Apple Agrees to Settlement Over Burst’s Claims has notched another win related to its patented multimedia delivery technology, this time reaching a settlement with Apple.

Santa Rosa, Calif.-based Burst said the PC and iPod maker has agreed to pay it a one-time sum of $10 million in exchange for a non-exclusive license to key parts of Burst’s patent portfolio, which relates to video and audio delivery software for IP networks. also said it has agreed not to sue Apple over any future infringement of Digital Video Recorder technology developed by Burst. The company has one patent in the area, and three pending.

The settlement comes after almost two years of litigation between the two companies. CEO Richard Lang told last April that the success of Apple’s popular iTunes, iPod and QuickTime products depend on the customer’s ability to download a movie or a song in less time than it would take to play that video or song.

Lang claimed the technology behind that ability is a invention.

“I devised an apparatus and technology to take audio and video and deliver it at a different rate than it was being consumed,” he said at the time.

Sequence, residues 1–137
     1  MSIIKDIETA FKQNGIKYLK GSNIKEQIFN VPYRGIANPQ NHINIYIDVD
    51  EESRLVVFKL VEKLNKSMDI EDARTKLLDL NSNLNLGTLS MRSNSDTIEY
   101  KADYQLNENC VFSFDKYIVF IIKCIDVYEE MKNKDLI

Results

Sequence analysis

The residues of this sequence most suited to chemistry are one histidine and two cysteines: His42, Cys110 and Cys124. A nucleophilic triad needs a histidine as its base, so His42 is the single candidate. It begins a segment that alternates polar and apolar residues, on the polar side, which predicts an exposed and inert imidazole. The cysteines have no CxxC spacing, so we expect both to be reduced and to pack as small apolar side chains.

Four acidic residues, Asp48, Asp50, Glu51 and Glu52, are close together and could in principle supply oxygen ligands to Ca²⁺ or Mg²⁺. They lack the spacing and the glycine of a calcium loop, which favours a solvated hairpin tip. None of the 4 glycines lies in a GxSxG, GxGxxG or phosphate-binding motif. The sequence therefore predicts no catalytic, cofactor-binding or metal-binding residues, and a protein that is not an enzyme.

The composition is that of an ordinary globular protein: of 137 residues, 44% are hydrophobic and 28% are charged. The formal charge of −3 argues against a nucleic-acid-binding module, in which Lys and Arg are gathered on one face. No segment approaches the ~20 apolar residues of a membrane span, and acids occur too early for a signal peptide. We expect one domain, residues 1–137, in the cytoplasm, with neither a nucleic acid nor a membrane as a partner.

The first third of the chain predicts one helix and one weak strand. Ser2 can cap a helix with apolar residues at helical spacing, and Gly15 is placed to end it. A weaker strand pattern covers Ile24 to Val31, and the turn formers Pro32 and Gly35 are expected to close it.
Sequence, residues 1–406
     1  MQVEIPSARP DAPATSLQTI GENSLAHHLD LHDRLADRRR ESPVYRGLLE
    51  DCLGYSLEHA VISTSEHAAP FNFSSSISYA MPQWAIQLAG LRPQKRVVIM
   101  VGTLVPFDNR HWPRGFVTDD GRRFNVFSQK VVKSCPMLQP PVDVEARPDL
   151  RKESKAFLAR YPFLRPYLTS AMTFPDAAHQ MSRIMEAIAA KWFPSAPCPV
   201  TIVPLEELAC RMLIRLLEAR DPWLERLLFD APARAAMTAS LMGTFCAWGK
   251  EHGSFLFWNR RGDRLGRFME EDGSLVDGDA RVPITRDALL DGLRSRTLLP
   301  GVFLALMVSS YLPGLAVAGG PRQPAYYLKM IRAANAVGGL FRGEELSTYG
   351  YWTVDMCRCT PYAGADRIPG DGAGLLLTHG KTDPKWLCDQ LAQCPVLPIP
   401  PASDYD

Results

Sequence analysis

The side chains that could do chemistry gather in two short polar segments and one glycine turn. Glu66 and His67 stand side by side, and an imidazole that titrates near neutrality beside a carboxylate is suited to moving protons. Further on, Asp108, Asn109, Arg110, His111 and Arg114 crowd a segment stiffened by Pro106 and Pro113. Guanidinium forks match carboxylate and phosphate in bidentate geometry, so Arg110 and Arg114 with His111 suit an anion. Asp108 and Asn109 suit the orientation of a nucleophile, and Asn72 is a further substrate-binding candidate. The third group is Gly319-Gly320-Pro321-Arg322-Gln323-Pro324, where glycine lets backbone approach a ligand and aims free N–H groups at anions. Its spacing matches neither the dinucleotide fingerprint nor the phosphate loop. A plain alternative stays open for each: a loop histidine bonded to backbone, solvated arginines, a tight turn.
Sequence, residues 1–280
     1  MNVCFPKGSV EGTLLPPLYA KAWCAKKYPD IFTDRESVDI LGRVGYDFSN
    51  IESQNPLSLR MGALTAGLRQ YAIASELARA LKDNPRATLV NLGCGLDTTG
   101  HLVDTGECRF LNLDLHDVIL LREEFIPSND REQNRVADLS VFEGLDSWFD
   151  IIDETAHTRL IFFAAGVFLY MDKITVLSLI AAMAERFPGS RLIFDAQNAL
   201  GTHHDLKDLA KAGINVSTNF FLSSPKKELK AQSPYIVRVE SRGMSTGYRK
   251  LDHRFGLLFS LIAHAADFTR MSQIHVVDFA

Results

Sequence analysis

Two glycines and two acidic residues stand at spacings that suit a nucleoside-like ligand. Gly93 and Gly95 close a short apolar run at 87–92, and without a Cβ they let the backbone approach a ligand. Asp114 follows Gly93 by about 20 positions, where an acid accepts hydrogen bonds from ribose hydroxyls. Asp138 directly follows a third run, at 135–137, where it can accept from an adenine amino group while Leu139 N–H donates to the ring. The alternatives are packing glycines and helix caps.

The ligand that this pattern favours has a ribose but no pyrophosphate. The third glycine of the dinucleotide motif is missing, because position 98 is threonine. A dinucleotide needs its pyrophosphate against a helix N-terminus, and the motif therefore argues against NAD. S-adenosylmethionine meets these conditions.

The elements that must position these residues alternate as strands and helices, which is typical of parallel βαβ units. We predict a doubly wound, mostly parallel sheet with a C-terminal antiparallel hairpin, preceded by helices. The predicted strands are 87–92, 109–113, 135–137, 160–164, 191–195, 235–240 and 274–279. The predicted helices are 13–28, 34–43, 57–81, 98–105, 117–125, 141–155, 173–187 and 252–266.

The actual payment in the Apple suit could end up being only $4.6 million after court costs, attorney fees and other expenses are deducted. In a statement, Burst said its Board of Directors is considering a cash distribution to its shareholders from the settlement.

Neither Apple nor Burst responded to requests for comment by press time.

The settlement marks the latest success for against a far larger defendant. The company reached a settlement with Microsoft in March 2005 for $60 million, granting the software giant a non-exclusive license.

Burst earlier had been an official Microsoft partner with expectations that its technology would be incorporated in Windows Media Player. But Burst alleged in 2002 that Microsoft used its technology without paying for it, resulting in a prolonged court battle.

The agreement with Burst also comes as Apple’s latest settlement in connection with its music business. In August 2006, Apple settled a patent infringement suit filed by Creative Technology related to the Cupertino, Calif.-based company’s iPod.

The suit stemmed from a patent Creative held for its rival Zen MP3 player that covered how users navigate menus in digital music devices. In the ensuing settlement, Apple agreed to pay $100 million and to make Creative an official iPod accessory supplier.

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